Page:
on Eligible by Curtis Sittenfeld.

Oops… I did it again. Oh well. I’m back.



A Modern Retelling of Pride and Prejudice

This version of the Bennet family—and Mr. Darcy—is one that you have and haven’t met before: Liz is a magazine writer in her late thirties who, like her yoga instructor older sister, Jane, lives in New York City. When their father has a health scare, they return to their childhood home in Cincinnati to help—and discover that the sprawling Tudor they grew up in is crumbling and the family is in disarray.

Youngest sisters Kitty and Lydia are too busy with their CrossFit workouts and Paleo diets to get jobs. Mary, the middle sister, is earning her third online master’s degree and barely leaves her room, except for those mysterious Tuesday-night outings she won’t discuss. And Mrs. Bennet has one thing on her mind: how to marry off her daughters, especially as Jane’s fortieth birthday fast approaches.

Enter Chip Bingley, a handsome new-in-town doctor who recently appeared on the juggernaut reality TV dating show Eligible. At a Fourth of July barbecue, Chip takes an immediate interest in Jane, but Chip’s friend neurosurgeon Fitzwilliam Darcy reveals himself to Liz to be much less charming. . . .

And yet, first impressions can be deceiving.


*spoilers if you have not read Pride and Prejudice*

So this one is hard. I’m a massive P&P fan and I’ve been waiting to read this book for ages. The reviews got me all hyped up…….
….. and I was slightly let down.

While the author definitely stayed true to the original characters and accurately adapted them to the contemporary world, it just didn’t work. What I found endearing about the Bennets in the original was lacking in Eligible. Lizzy, the independent, smart-mouth woman from P&P was replaced with a naive woman, who judges her family way too much and occasionally says problematic stuff herself.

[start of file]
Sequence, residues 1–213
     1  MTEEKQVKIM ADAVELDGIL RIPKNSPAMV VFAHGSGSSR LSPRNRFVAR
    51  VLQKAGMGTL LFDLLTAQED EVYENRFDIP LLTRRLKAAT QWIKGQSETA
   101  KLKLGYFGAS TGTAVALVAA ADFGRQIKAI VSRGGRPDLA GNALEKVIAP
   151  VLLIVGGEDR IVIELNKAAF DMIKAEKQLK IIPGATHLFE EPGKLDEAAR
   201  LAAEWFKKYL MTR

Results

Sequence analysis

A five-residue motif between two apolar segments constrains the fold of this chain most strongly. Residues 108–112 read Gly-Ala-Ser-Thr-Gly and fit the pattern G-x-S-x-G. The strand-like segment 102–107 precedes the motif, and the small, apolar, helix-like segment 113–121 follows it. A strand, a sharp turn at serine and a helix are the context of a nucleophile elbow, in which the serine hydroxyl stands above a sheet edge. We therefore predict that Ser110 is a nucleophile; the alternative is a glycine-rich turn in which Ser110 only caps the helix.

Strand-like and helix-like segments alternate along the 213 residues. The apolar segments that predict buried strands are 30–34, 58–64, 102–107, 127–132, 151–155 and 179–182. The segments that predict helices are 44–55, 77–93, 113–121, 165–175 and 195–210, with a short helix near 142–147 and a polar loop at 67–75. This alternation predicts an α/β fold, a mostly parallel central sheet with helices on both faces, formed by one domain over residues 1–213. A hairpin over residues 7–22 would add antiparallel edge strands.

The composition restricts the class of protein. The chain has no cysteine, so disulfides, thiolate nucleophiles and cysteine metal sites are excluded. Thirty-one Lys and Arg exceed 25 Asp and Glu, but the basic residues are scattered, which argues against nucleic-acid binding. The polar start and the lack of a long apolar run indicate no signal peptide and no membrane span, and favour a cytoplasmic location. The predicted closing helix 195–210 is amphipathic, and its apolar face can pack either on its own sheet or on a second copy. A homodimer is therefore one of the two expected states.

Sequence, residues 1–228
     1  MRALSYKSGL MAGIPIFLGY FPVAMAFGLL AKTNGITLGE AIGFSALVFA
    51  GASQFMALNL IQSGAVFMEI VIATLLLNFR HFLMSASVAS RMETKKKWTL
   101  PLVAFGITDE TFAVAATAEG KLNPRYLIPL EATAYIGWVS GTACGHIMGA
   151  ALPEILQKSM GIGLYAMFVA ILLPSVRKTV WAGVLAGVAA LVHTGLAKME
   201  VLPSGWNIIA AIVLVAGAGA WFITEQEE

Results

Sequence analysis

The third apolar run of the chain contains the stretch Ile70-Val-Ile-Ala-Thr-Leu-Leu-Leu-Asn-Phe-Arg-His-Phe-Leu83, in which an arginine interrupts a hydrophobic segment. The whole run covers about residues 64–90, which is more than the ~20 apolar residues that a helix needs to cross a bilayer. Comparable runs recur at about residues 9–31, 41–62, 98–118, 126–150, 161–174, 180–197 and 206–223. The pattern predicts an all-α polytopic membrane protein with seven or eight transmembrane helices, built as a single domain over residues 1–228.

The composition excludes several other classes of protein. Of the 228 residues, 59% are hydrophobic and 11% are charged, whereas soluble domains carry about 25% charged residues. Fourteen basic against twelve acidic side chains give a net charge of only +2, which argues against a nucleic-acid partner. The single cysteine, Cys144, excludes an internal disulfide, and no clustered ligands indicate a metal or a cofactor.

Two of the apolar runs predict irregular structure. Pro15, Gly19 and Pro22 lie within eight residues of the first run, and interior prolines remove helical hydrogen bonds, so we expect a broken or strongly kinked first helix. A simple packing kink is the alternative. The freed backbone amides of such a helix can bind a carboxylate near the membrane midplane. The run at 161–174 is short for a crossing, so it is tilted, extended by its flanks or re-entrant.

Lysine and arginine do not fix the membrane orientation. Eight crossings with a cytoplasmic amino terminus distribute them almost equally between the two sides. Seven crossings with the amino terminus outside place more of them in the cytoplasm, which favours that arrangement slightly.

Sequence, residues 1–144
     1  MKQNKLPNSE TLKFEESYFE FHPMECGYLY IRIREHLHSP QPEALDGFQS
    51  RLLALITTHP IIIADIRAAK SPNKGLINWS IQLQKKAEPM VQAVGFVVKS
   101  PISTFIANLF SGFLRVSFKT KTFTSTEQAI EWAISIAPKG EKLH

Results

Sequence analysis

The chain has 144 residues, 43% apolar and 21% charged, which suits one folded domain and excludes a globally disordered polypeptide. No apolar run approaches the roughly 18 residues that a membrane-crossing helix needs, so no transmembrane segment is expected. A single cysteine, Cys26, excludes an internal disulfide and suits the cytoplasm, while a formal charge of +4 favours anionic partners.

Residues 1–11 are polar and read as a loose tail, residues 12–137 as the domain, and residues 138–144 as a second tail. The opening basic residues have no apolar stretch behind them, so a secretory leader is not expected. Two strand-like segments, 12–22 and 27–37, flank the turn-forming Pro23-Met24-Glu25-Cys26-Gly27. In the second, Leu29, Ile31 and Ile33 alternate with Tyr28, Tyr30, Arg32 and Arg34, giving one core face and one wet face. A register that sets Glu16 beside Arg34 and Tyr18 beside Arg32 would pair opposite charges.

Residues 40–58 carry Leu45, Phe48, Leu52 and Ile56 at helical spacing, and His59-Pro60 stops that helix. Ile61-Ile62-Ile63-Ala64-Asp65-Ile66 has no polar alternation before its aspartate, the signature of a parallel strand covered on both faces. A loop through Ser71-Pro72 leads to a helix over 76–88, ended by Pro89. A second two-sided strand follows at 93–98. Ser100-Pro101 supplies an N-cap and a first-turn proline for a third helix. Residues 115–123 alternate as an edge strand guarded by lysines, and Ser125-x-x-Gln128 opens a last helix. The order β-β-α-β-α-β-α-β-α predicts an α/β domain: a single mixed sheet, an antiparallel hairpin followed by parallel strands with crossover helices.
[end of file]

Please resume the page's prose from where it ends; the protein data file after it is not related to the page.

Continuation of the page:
“It was immediately obvious to Liz that Georgie was anorexic.”


“Does he have a fake penis?” (She was asking about a transgender character.)



But not to trash Liz entirely, sometimes she stepped it up and was a badass – especially when it came to Darcy. The only thing that was interesting about Darcy though, was his romance with Liz. That’s it. Nothing else. Nada. And by the end, he said shit like, “Even when you’re judging them, you do it with such care and attention.” (about Liz). HJDJHSGDFHWEGHGBJHY, SERIOUSLY?


Speaking of boring – Jane, Kitty, Mr Bennet and Chip Bingley were almost unbearable at times and their presence did not give much to the storyline. Mostly, they just dragged the book. Lydia on the other hand was intriguing and she was probably my favourite character in Eligible. If you are considering reading this book, do it for Lydia.

Unfortunately, the book itself was a bit too long and lots of the parts could have been cut. It was not a bad read, I was quite enjoying it up until the last 20% when Liz started saying problematic things and everything just got real cheesy way too quick. Instead of blabbering on about Jane and Bingley, the book would have been much better with less rushed ending of Liz and Darcy.

The verdict? Read it if you like P&P. Otherwise, it’s a waste of time.


Rating: 2.5



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